CARE COORDINATION, QUALITY AND OUTCOMES: A STUDY IN OLDER ADULTS WITH MULTIPLE CHRONIC CONDITIONS
DuGoff, Eva Hisako
MetadataShow full item record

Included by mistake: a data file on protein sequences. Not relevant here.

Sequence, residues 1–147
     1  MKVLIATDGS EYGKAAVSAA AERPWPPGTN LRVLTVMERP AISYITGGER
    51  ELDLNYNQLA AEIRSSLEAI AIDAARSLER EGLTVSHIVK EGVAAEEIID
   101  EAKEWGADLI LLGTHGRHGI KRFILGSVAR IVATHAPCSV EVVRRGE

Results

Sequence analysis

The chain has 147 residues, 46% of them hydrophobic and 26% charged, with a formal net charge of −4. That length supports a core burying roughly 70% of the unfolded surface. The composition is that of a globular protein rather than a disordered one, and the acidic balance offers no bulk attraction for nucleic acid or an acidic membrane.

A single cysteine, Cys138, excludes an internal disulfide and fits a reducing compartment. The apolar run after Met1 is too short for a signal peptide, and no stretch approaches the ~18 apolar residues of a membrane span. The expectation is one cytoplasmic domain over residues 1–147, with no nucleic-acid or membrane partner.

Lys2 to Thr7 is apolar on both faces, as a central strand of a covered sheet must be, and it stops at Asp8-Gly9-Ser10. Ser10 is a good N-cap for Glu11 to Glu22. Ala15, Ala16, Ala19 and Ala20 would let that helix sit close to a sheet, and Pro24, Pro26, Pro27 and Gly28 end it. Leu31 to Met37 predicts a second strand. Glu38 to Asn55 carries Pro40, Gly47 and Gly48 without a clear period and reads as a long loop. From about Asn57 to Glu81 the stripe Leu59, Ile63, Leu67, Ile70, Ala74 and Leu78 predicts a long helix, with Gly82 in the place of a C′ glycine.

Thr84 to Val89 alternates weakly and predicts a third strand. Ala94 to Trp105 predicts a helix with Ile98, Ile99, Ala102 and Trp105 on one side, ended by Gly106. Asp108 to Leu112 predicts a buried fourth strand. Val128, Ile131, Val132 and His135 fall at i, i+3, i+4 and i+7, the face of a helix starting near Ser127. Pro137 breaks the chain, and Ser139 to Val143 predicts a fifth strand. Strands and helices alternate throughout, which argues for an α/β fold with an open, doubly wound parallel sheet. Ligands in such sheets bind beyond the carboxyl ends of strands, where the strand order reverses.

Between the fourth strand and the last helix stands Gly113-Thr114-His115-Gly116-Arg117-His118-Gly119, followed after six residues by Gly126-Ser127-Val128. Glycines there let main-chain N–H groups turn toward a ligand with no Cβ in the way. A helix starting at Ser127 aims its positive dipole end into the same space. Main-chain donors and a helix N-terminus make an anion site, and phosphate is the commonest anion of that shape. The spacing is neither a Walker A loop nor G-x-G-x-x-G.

Background: Care coordination may be most effective in older adults with multiple chronic conditions because they see multiple primary care and specialist physicians, which may complicate efforts to coordinate care for their conditions. There is little evidence on how to best measure and improve care coordination in this population. Objective: The objective of this thesis is to better understand care coordination in older adults with multiple chronic conditions. The first study examines how to measure care coordination. The second study examines the relationship of care coordination with quality of care processes and patient rating of care. The third study whether one dimension, continuity of care, is associated with subsequent emergency department utilization, and hospital utilization. Study Design: This is an observational study. All analyses were conducted in a sample of 1,600 adults 65 years of age and older with multiple chronic conditions selected to participate in a patient survey. All subjects were enrolled in a Medicare Advantage Special Needs Plan living in Alabama, Georgia, Missouri, South Carolina, and Texas. Results: The first study identifies three underlying domains of care coordination: continuity of care, informational continuity between clinicians, and information flow to the patient. The second study finds that patient reported experiences of informational continuity are strongly related to the patient related to the patient’s rating of care, but not related to other measures of technical care quality. The third study finds that higher levels continuity of care is associated with lower odds of a preventable hospitalization in patients with five or fewer conditions but continuity of care is not related to better outcomes in patients with six or more conditions. Conclusion: Care coordination is a multidimensional construct. Evaluations of care coordination programs should consider using both claims-based and patient survey measures in order to comprehensively assess care coordination programs. Medicare and health plans should consider incentivize informational continuity between clinicians to improve patient rating of care.